A sun-filled, fun-filled frolic of a ballet, Carlos Acosta’s production of Don Quixote for Birmingham Royal Ballet delivers on colour, energy, bling and some spectacularly virtuosic dance.
There is little in the way of plot: slightly deranged old knight seeks adventure – boy meets girl – boy can’t marry girl because he has no money – but then all obstacles are improbably overcome so boy does marry girl – strange old knight continues his quest. The paucity of narrative, however, is not a problem; we’re not here for high drama or raw emotion, we are here for the leaps, turns, lifts and choreographic fireworks which BRB’s highly skilled ensemble of dancers serve in abundance.
Mathias Dingman, in the role of the afore mentioned boy, Basilio, has an impressive and athletic presence and drives his energy into the floor to create seemingly effortless elevation and lightness of movement. Dancing the part of the girl, Kitri, Momoko Hirata is at once both powerful and delicate, poised and fluid. As a couple they move beautifully together. Their pas de deux at the start of Act II is heavenly with some highly expressive changes of flow and direction during lifts that illustrate how totally in sympathy they are with one another.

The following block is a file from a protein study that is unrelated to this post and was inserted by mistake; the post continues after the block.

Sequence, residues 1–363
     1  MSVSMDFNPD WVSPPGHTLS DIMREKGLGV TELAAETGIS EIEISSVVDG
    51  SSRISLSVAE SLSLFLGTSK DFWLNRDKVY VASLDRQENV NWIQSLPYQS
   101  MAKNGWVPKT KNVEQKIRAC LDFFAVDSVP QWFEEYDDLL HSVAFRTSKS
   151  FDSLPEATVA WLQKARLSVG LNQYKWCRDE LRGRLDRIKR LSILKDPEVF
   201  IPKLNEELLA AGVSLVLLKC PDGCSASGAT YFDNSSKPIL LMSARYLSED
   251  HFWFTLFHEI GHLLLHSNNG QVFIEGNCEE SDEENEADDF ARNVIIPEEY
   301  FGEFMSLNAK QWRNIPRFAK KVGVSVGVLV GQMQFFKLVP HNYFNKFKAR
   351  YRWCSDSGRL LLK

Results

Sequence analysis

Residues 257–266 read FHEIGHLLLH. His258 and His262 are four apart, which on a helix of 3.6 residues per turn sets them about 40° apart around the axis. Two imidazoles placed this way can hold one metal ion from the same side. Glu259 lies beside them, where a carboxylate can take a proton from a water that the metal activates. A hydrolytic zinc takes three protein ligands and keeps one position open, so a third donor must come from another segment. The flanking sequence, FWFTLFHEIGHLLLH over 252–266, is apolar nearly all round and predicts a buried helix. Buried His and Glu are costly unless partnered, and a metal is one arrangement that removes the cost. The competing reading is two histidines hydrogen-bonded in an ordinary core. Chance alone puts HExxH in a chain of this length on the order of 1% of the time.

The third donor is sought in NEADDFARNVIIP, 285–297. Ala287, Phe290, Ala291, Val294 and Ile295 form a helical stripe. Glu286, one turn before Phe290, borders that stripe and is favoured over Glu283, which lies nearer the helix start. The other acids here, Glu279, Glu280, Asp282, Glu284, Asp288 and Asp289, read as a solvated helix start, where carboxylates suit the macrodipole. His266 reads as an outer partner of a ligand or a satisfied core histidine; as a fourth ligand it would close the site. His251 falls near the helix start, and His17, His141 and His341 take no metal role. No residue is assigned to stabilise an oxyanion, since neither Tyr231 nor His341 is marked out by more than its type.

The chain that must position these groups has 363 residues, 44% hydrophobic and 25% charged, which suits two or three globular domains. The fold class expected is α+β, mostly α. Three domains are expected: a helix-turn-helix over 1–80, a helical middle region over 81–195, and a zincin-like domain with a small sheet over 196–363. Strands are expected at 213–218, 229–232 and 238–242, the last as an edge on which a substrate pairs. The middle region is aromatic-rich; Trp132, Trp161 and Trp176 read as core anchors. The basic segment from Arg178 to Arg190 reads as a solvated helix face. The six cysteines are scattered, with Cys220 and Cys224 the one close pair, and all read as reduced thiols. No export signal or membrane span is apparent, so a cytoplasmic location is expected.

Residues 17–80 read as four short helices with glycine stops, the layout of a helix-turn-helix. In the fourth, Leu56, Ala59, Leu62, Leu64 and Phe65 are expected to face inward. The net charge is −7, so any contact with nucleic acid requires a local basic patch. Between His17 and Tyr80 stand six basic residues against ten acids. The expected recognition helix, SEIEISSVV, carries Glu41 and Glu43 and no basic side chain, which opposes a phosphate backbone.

Special mention is due to Tzu-Chao Chou, a puckish Amour – so fleet of foot that he appears to barely make contact with the floor.
Conductor, Paul Murphy and his band work hard in the pit to breathe life into Ludwig Minkus’ essentially quite trite and repetitive score. Arranger, Hans Vercauteren, lifts the musical quality with a specially written Act II Campfire Sequence which brings three live guitar players on to the stage and, while remaining true to the musical language of the source material, displays much greater compositional imagination.
The shortcomings of the original score aside, the production and choreography lavish upon us everything one could wish for in an Iberian fantasia: oodles of suave flamenco flourishes, more brocade that you can shake a stick at, clicks and claps, mantillas and matadors, fans and fandangos and a good deal of heartfelt Mediterranean warmth.
Creatives and Cast
Choreography – Carlos Acosta (after Marius Petipa)
Production – Carlos Acosta
Set & Costume Design – Tim Hatley
Video Design – Nina Dunn
Lighting – Peter Mumford
Stages by – Christopher Saunders
Arrangement and New Musical Material – Hans Vercauteren
Don Quixote – Tom Rogers
Sancho Panza, his squire – Kit Holder
Lorenzo, the innkeeper – Valentin Olovyannikov
Kitri, his daughter – Momoko Hirata
Basilio, a young barber – Mathias Dingman
Gamache, a rich nobleman – Rory Mackay
Espada, a famous matador – Brandon Lawrence
Mercedes, a street dancer – Yu Kurihara
Kitri’s Friends – Miki Mizutani, Yaoqian Shang
Two Matadors – Gabriel Anderson, Haoliang Feng
Gypsy Couple – Emma Price, Javier Rojas
The Queen of the Dryads – Yu Kurihara
Amour – Tzu-Chao Chou
Dulcinea – Yvette Knight
Fandango Couple – Emma Price, Max Maslen
Townspeople, Matadors, Gypsies, Dryads – Artists of Birmingham Royal Ballet, Students of the Royal Baller, English National Ballet School and Central School of Ballet
Royal Ballet Sinfonia
Conductor – Paul Murphy
Leader – Robert Gibbs
Original music by Ludwig Minkus